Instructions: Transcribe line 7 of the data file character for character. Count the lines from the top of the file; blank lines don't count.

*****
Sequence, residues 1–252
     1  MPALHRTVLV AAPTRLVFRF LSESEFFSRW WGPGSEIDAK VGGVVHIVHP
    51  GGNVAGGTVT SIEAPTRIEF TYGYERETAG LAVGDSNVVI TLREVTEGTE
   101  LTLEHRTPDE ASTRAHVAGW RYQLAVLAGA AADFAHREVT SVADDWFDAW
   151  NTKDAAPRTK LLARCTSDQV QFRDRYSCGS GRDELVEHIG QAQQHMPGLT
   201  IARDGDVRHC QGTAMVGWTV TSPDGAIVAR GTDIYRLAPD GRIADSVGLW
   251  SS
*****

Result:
   251  SS